My summer break started last week. A day after Memorial Day we had our first in-person commencement ceremony since the start of the pandemic. It took place in the local Barclays Center with a capacity of 20,000. The top photograph shows the reaction after the announcements of the new degrees. Attending faculty was required to be vaccinated and to wear masks throughout the ceremony. I have no idea about the requirements for the guests, but we were surrounded by people who didn’t wear masks. The ceremony was the most impressive that can I remember. We had, among some of our very distinguished guests: the US Senate Majority Leader, the Mayor of NYC, the Public Advocate of NYC, and the Brooklyn Borough President. Brooklyn College also gave an honorary degree to Leymah Roberta Gbowee, a Nobel Peace Prize recipient known for her human rights work in Liberia. The day was the warmest of the year so far (93oF) but the atmosphere was exciting, and we were delighted with our students’ achievements. After two years or so of COVID-19 restrictions, it felt like we were finally on our way to “normal.”

As a part of this process toward normalcy, I thought I’d use this blog to help me go full speed in confronting the longer-term threats of climate change. Among other reasons, it would help prepare my classes for the fall semester on the topic. My latest series of blogs focused on the IPAT identity and I had planned to continue this week with an analysis of ESG as a tool for socially and environmentally responsible investment.

Returning home, I had lunch and opened the paper, only to realize that not only are we far from back to normal but it has very little to do with the pandemic. Reality is now changing too fast to have many thinking “long term” (25 years?).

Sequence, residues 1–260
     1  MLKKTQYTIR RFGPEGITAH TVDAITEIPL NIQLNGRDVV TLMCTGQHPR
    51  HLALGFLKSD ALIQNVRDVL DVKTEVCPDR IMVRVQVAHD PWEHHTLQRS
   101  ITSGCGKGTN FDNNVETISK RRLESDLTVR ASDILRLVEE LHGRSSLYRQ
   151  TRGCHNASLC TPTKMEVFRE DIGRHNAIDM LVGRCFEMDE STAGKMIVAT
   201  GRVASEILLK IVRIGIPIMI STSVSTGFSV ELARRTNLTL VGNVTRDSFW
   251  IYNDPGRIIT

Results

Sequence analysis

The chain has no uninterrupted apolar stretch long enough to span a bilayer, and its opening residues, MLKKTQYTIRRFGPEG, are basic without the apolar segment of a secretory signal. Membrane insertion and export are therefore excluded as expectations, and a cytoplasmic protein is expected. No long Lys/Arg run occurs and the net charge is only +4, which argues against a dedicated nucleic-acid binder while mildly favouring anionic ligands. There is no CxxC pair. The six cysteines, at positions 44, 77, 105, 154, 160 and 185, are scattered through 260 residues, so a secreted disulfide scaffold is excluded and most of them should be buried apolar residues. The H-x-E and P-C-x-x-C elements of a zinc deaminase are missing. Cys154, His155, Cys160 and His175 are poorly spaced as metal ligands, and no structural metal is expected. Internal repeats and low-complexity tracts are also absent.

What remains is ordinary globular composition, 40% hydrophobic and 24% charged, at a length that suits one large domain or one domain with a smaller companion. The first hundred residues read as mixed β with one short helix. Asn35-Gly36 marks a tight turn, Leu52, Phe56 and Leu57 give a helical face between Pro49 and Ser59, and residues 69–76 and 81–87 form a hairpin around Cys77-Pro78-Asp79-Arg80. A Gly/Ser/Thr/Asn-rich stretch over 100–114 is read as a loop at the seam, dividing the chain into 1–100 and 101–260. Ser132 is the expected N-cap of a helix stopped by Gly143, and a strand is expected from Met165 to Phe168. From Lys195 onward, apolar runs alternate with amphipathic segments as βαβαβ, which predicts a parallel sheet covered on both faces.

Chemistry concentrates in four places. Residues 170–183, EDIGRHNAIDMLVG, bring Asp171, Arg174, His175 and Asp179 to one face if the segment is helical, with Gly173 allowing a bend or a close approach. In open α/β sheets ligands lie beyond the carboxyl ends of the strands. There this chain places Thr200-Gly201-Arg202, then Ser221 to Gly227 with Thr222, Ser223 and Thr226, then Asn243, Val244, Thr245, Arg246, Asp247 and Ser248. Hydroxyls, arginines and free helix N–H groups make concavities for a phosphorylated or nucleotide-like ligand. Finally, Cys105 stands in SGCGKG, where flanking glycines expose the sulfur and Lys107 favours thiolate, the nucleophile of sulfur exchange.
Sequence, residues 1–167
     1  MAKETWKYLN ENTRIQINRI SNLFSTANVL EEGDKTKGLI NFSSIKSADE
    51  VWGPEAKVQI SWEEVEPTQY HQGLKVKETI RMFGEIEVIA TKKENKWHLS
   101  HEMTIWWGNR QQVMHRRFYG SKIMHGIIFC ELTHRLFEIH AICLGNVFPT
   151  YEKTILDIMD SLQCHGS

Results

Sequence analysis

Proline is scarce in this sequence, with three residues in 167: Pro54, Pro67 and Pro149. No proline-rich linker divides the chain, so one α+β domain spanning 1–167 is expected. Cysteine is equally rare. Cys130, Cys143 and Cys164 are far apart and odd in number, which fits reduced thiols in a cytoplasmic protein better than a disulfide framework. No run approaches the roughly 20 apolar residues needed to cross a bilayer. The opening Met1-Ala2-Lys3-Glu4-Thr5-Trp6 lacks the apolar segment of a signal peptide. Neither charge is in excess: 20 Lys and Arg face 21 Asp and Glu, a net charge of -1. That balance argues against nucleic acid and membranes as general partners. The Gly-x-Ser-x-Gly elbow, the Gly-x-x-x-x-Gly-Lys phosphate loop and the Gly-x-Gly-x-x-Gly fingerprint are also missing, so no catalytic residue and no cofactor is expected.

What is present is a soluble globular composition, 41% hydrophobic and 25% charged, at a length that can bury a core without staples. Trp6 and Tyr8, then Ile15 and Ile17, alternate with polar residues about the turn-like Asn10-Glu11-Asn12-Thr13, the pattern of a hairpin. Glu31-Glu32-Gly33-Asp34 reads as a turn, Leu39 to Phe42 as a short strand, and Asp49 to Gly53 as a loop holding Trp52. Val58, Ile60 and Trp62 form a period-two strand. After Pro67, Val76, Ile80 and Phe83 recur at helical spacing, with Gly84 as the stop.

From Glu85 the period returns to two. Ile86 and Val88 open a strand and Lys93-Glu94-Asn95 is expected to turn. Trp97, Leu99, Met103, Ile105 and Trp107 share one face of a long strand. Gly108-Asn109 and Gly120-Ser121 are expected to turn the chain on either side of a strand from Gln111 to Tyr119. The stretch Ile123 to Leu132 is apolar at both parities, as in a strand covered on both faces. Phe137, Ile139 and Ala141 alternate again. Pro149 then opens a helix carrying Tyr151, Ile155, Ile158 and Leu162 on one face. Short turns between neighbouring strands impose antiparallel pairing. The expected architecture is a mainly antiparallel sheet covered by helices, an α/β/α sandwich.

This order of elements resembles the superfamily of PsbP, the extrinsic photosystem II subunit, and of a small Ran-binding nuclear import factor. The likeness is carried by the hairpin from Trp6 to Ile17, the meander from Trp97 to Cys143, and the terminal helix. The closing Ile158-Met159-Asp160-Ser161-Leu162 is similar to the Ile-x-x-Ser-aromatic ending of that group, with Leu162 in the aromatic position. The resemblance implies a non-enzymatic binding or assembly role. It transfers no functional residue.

Massive gun violence in the US is consistently at the top of the news (with very little time between each event!). Since the beginning of the year, gun violence has resulted in 261 dead and 1,000 injured, with half the country’s governing body blaming it on “evil” and claiming that nothing can be done apart from praying. The Russian invasion of Ukraine is now 100 days old and is having a major global impact. In spite of the fact that the global pandemic forced many of us to live our lives “remotely,” carbon emissions, temperature, fires, and floods were at their most extreme this past year:

Humans pumped 36 billion tons of the planet-warming gas into the atmosphere in 2021, more than in any previous year. It comes from burning oil, gas and coal.

The amount of planet-warming carbon dioxide in the atmosphere broke a record in May, continuing its relentless climb, scientists said Friday. It is now 50 percent higher than the preindustrial average, before humans began the widespread burning of oil, gas and coal in the late 19th century.